Complex protein patterns formation via salt-induced self-assembly and droplet evaporation
Chemistry Department, St. John’s University, 11439, New York, Queens, USA
2 Biology Department, St. John’s University, 11439, New York, Queens, USA
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Accepted: 23 July 2010
Published online: 19 September 2010
Complex and elegant protein patterns in rosette, scallop, Chinese arrow and dendrite shapes at macroscopic length scales were prepared using salt-induced molecular self-assembly and droplet evaporation methods. The direct visual observation method using fluorescence microscopy was adopted to characterize the formation of these protein patterns in situ. Further studies from an optical interferometric profiler have shown that both rosette and scalloped protein patterns are hierarchical structures of concentric rings consisting of many prism-like columnar stacks, with each of the stack having thousands of protein molecules. Systematic experimental studies were performed to investigate the influence of salt concentration, protein concentration and evaporation rate on the morphologies of protein patterns. Upon the analysis of the representative fluorescent microscope images some theoretical explanations, based on Deegan’s theory on the “coffee ring” effect and the dynamic self-assembly mechanism, were proposed to illustrate the dynamics for the formation of different protein patterns. Two different evaporation modes have been found: edge-enhanced evaporation for low salt concentration solutions, i.e., the higher evaporation rate exists at the edge of the droplet; center-enhanced evaporation for high salt concentration solutions, in which faster evaporation occurs at the droplet center consisting of a lot of crystallized salts.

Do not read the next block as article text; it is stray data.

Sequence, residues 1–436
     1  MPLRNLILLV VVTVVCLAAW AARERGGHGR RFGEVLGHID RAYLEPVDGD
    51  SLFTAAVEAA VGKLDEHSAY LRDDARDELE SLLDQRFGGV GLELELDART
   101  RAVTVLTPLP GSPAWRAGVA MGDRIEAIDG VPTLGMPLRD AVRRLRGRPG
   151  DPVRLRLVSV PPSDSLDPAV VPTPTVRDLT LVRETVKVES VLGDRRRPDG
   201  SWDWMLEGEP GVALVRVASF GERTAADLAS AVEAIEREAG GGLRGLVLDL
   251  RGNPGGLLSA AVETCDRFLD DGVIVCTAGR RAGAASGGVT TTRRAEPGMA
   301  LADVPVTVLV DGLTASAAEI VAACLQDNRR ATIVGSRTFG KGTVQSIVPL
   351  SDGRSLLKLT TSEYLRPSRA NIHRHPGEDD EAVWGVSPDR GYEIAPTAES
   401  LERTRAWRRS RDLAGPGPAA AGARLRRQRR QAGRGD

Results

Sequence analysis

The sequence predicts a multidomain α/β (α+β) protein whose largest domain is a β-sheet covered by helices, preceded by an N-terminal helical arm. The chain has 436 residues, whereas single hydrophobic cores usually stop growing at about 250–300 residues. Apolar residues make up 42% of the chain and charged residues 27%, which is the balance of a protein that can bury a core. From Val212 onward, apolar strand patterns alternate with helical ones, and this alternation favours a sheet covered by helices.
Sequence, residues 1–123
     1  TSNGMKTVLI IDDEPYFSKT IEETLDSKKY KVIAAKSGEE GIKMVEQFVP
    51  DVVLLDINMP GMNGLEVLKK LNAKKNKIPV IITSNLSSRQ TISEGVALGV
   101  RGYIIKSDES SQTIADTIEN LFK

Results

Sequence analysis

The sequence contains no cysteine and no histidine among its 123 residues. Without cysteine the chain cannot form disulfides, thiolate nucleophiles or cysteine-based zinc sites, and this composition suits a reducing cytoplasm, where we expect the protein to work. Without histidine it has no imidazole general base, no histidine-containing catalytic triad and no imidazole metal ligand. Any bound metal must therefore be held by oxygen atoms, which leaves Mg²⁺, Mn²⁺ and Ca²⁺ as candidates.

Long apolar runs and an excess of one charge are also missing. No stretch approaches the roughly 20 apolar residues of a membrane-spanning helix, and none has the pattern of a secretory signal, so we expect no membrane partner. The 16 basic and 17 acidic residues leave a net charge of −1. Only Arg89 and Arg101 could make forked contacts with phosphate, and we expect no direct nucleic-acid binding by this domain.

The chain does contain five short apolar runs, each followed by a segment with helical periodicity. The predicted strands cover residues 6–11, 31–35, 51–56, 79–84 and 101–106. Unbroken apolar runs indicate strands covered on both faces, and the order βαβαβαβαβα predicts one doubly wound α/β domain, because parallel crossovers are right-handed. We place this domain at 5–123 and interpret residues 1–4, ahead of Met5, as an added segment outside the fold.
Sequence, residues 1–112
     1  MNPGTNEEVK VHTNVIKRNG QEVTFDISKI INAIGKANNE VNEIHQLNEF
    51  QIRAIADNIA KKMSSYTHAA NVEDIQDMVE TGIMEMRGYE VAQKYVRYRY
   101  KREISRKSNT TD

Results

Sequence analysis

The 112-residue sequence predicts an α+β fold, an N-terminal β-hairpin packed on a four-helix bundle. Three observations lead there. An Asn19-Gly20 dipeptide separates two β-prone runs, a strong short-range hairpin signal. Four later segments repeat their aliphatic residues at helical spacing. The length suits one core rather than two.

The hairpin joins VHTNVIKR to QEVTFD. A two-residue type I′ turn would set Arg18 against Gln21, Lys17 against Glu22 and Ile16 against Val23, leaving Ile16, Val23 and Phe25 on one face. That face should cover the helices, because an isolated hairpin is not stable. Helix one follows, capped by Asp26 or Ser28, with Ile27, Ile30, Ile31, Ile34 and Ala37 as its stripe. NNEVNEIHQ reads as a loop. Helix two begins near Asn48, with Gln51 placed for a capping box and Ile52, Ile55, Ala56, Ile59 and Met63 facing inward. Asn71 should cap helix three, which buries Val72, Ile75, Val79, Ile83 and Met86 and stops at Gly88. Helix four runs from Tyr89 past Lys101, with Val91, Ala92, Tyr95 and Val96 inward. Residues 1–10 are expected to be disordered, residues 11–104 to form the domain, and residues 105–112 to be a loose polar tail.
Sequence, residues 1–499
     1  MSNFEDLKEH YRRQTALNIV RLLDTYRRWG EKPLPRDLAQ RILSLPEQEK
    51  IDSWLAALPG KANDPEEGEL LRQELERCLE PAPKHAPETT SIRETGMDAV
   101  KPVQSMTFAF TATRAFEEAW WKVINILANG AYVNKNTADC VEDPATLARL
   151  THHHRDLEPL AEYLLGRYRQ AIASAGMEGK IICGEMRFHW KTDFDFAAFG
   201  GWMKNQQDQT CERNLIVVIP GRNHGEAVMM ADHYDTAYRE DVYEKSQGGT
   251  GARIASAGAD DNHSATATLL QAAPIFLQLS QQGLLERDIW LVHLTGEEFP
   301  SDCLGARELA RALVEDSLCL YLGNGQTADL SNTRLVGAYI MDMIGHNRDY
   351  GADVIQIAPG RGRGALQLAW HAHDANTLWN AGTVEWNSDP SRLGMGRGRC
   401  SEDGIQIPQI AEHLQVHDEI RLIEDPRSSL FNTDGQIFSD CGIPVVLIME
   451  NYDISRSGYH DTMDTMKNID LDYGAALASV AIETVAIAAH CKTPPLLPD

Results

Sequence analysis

© EDP Sciences, SIF, Springer-Verlag Berlin Heidelberg, 2010